As the guardian and teacher of personal security, one of the most important things a parent can do with tech-savvy kids is establish and maintain open communication. This is a lot easier said than done for two main reasons: 1) cyber communications makes it easy to keep secrets that harbor risk, and 2) the lack of control about the experiences of our children’s childhoods has never been greater.
A recent Security Intelligence article features the modern parenting challenge as simply put: children know more about the internet than their parents, who purchase mobile devices and smartphones for their children not realizing that internet access puts every good and not good app and website into the palm of their hands. And by the same token, internet-connectivity can illicit fear emotion with many parents who are worried that their children will get caught into a cyberbully trap or a snare set by a pedophile. Communicating thoughts of caution and confidence is essential to gather intelligence necessary to provide protective cover and guidance for tech-savvy kids. To accomplish this, parents must be able to get their children talking about their interests, on and off-line and then impart their wisdom.
How to get your child talking
The traditional paradigm for parenting is prevention only in the form of lecturing. The idea is that parents have more knowledge of the world than youth and so they are in a position to be the source until the child comes of age. Today’s environment introduces a dynamic where children can learn quickly how to access apps and sites as a natural expression of their curiosity, and so they are in the position to know more than their parents. This is the power crisis that mobile connectivity introduces to the parent-child bond. In this environment, parents must gather intelligence from their child in order to really know what is happening and provide protective cover. Below are some tips to get your child talking about what they know of the cyber-powered world:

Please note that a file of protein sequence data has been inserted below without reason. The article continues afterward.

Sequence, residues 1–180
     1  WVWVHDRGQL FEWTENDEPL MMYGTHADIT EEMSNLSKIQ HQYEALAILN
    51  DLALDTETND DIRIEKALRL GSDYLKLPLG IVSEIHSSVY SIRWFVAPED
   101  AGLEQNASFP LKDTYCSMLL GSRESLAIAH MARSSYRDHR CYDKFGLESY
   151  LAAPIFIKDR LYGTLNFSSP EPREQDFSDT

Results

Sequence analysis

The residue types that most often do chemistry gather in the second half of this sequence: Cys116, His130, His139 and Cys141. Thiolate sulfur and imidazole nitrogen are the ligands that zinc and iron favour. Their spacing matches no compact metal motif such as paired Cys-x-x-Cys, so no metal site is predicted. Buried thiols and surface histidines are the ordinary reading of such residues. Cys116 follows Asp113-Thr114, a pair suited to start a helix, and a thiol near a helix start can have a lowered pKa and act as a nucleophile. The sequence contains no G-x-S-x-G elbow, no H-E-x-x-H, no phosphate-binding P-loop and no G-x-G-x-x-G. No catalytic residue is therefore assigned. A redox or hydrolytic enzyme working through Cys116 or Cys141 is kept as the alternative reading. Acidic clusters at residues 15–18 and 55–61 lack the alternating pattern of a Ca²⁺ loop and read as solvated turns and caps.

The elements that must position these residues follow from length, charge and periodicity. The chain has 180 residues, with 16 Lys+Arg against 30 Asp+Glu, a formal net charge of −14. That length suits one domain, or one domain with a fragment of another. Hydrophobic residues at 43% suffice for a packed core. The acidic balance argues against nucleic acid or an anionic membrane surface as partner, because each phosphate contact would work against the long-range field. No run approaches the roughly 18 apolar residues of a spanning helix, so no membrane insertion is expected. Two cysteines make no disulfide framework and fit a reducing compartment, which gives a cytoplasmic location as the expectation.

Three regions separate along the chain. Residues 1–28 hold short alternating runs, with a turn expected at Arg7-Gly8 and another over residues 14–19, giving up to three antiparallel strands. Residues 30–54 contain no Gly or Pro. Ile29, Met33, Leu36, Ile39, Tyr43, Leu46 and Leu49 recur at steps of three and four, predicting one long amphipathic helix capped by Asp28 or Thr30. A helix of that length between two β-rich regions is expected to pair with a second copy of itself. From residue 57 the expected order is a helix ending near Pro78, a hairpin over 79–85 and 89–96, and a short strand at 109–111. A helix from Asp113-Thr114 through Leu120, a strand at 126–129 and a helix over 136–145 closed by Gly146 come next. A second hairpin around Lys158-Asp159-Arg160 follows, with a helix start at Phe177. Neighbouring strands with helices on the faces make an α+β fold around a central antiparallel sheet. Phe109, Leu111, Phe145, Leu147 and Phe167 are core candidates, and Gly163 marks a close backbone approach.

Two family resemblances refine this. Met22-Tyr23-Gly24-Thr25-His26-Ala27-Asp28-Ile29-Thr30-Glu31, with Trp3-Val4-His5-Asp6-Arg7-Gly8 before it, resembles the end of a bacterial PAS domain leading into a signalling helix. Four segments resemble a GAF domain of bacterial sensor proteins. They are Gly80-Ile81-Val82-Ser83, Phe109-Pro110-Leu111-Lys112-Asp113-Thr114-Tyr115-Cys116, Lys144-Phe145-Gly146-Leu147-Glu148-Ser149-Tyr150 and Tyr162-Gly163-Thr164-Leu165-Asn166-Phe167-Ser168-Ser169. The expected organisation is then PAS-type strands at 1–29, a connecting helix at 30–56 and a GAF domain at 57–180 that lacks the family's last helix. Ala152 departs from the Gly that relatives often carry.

- Establish that the house rule is no privacy. There is no such thing as privacy in the internet, and your job is to help your child learn how not to give up personal power. So you as the guardian monitor all cyber communications.
- Get genuinely interested in who your child is, their interests, their dreams and their struggles – without offering your opinion. Just listen and be interested.
- When you hear or learn about something that disturbs your peace, do not freak out or lecture. Ask your child open-ended questions about how a conversation on-line or an incident aligns with your values (kindness, honesty, compassion, etc.) that make someone trustworthy. Get your child thinking critically about what is happening so that they can make some decisions about how to handle themselves in the future (i.e., inappropriate photos and gossip or websites with explicit content).
- When you encounter your child doing something that needs correction or that has consequences (bullying, inappropriate content), ask your child if they want to know what you know about their circumstances. Chances are good they will want to know your thoughts, and then when you explain the wisdom of the correct way to handle things in the future and your child will be more likely to embrace it as their own. In this way, you engage their intellect and will and strengthen the trust bond.